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Identifying Melasma, What Stands Behind Those Brown Spots?

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Identifying Melasma, What Stands Behind Those Brown Spots?

Identifying Melasma, What Stands Behind Those Brown Spots?

Article Highlights

  • Melasma is a skin condition consisting of dark patches mainly on the face, typically on the forehead, cheeks, nose and upper lip, but occurring on the neck, chest and arms as well
  • [Hydroquinone] inhibits tyrosinase, an enzyme that produces melanin, but can be irritating
  • Clear + Brilliant Perméa laser is a mild, non-ablative laser that creates micro channels in the surface of the skin to allow passage of various products into the skin

Everyone seems to know everything about harmful ultraviolet rays—or just enough to remember to apply sunscreen every now and then. Still, only a few of us wear sun protection year-round, and even fewer protect their faces with a wide-brimmed hat in the summer months.

Dermatologists worldwide can’t emphasize enough the importance of proper sun protection, warning us about the risks of skin cancer with other potential sun-caused skin conditions we ignore, like sunburns, which are often mistakenly considered an indispensable part of a successful vacation. One particularly ignored outcome is associated with brown spots, which can be a sign of melasma.

“Melasma is a skin condition consisting of dark patches mainly on the face, typically on the forehead, cheeks, nose and upper lip, but occurring on the neck, chest and arms as well,” said Dr. Martie S. Gidon, a dermatologist at Gidon Aesthetics and MediSpa. “It is caused by an increased production of melanin and any skin type can develop it.”

Melasma gradually darkens over time and is caused by prolonged sun exposure over many years. Though it occurs more commonly in women between the ages of 25-55, men can develop it as well. The causes of this skin condition can range across the board, with sun exposure being one of them. You may also be at risk if there is a family history of it, if you experience hormonal changes, or if you use oral contraceptive pills. Also, take a closer look at your skin care products, as they may irritate your skin and worsen the state of melasma.

Consult your dermatologist if you are unsure of what may be a sign of this condition. They will be able to diagnose it by inspecting your skin or checking it under a Wood’s lamp to determine whether it is superficial, deep or a combination of both. Treatment always depends on the severity of pigmentation: the deeper it is, the harder it is to deal with.

Topical Treatments

Most patients usually require a combination of procedures, but proper sun protection is crucial. Dr. Gidon recommends sunscreens with SPF 50+ containing zinc dioxide and titanium dioxide for protection against both UVA and UVB rays. With severe cases of melasma, Dr. Gidon usually suggests her patients use hydroquinone as the most powerful fading ingredient.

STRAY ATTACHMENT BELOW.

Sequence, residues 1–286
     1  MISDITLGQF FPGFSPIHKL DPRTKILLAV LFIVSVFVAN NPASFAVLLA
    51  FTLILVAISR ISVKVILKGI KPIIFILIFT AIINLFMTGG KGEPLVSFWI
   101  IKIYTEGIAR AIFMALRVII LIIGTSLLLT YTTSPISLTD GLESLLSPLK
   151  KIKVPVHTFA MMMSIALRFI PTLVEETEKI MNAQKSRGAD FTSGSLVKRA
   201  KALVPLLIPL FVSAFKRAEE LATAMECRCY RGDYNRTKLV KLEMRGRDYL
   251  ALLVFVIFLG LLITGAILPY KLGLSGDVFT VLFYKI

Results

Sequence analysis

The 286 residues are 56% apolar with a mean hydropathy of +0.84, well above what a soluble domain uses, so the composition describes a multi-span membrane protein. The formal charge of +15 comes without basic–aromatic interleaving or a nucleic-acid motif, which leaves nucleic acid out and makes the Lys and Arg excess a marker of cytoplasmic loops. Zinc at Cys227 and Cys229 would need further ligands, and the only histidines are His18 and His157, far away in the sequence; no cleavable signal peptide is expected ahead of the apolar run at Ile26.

“[Hydroquinone] inhibits tyrosinase, an enzyme that produces melanin, but can be irritating,” Dr. Gidon explained. “People using hydroquinone should be followed by a dermatologist, since prolonged usage can rarely result in additional darkening of the skin.”

Generally, hydroquinone is prescribed in combination with kojic acid, tretinoin, vitamin C and a mild cortisone cream. Non-aggressive fading remedies may include glycolic acid, rumex crispus, green tea, soy and licorice. According to Dr. Gidon, pregnant women should not be treated for melasma with topical medications, as they may be harmful to the fetus.

Microdermabrasion And Peels

It is possible to stop melanin production and eliminate melasma by using SilkPeel® Microdermabrasion with dermal infusion of Lumixyl. With no downtime, a series of six treatments, two weeks apart, are necessary for the best results.

Dr. Gidon elaborated that chemical peels have proven to be another effective remedy in fighting melasma. Peels that include light glycolic acid have a non-aggressive peeling and fading effect, with results usually achieved after six treatments, two weeks apart. The side effects? The procedure may cause slight pinkness, which will disappear in a few hours or days.

Radiance peel is another treatment Dr. Gidon offers to her patients. This fading mask with hydroquinone, vitamin A acid, fruity acids and plant extracts is applied at the clinic and should be removed at home after nine hours. This procedure may cause temporary pinkness and peeling for about one week.

Laser Treatments

According to Dr. Gidon, the Clear + Brilliant Perméa laser treatment can help fade melasma after five treatments, two to four weeks apart.

“Clear + Brilliant Perméa laser is a mild, non-ablative laser that creates micro channels in the surface of the skin to allow passage of various products into the skin,” Dr. Gidon said. “Lightening ingredients can penetrate more effectively, pigmented cells are sloughed away resulting in lightening of the skin.”

There may be minor side effects, including temporary pinkness and skin puffiness. Fraxel laser treatments may be another option in treating melasma. According to Dr. Gidon, this non-ablative laser produces microscopic sites of heat in the skin, which are then eliminated together with pigmentation, stimulating the production of non-pigmented cells. Dr. Gidon usually recommends three procedures, taken six to eight weeks apart.

“Melasma is a skin condition consisting of dark patches mainly on the face, typically on the forehead, cheeks, nose and upper lip, but occurring on the neck, chest and arms as well,” said Dr. Martie S. Gidon.

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